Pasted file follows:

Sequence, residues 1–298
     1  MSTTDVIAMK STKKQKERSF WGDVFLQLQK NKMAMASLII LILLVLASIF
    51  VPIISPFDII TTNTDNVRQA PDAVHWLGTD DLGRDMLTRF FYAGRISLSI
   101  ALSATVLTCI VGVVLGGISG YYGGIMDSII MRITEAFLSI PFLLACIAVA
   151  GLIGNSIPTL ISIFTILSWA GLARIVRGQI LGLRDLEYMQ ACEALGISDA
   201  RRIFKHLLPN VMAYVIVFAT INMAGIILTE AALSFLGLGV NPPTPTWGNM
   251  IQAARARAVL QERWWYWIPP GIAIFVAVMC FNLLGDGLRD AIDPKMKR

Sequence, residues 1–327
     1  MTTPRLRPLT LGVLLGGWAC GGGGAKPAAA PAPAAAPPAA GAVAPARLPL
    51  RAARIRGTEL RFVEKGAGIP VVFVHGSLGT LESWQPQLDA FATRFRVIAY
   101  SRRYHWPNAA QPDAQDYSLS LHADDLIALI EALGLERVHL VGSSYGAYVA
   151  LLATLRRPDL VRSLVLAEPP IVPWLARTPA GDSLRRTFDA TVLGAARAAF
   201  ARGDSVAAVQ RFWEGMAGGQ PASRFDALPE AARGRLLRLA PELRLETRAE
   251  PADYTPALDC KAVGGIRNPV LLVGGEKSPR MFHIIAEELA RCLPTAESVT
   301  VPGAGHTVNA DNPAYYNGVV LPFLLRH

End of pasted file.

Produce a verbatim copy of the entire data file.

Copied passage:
Sequence, residues 1–298
     1  MSTTDVIAMK STKKQKERSF WGDVFLQLQK NKMAMASLII LILLVLASIF
    51  VPIISPFDII TTNTDNVRQA PDAVHWLGTD DLGRDMLTRF FYAGRISLSI
   101  ALSATVLTCI VGVVLGGISG YYGGIMDSII MRITEAFLSI PFLLACIAVA
   151  GLIGNSIPTL ISIFTILSWA GLARIVRGQI LGLRDLEYMQ ACEALGISDA
   201  RRIFKHLLPN VMAYVIVFAT INMAGIILTE AALSFLGLGV NPPTPTWGNM
   251  IQAARARAVL QERWWYWIPP GIAIFVAVMC FNLLGDGLRD AIDPKMKR

Sequence, residues 1–327
     1  MTTPRLRPLT LGVLLGGWAC GGGGAKPAAA PAPAAAPPAA GAVAPARLPL
    51  RAARIRGTEL RFVEKGAGIP VVFVHGSLGT LESWQPQLDA FATRFRVIAY
   101  SRRYHWPNAA QPDAQDYSLS LHADDLIALI EALGLERVHL VGSSYGAYVA
   151  LLATLRRPDL VRSLVLAEPP IVPWLARTPA GDSLRRTFDA TVLGAARAAF
   201  ARGDSVAAVQ RFWEGMAGGQ PASRFDALPE AARGRLLRLA PELRLETRAE
   251  PADYTPALDC KAVGGIRNPV LLVGGEKSPR MFHIIAEELA RCLPTAESVT
   301  VPGAGHTVNA DNPAYYNGVV LPFLLRH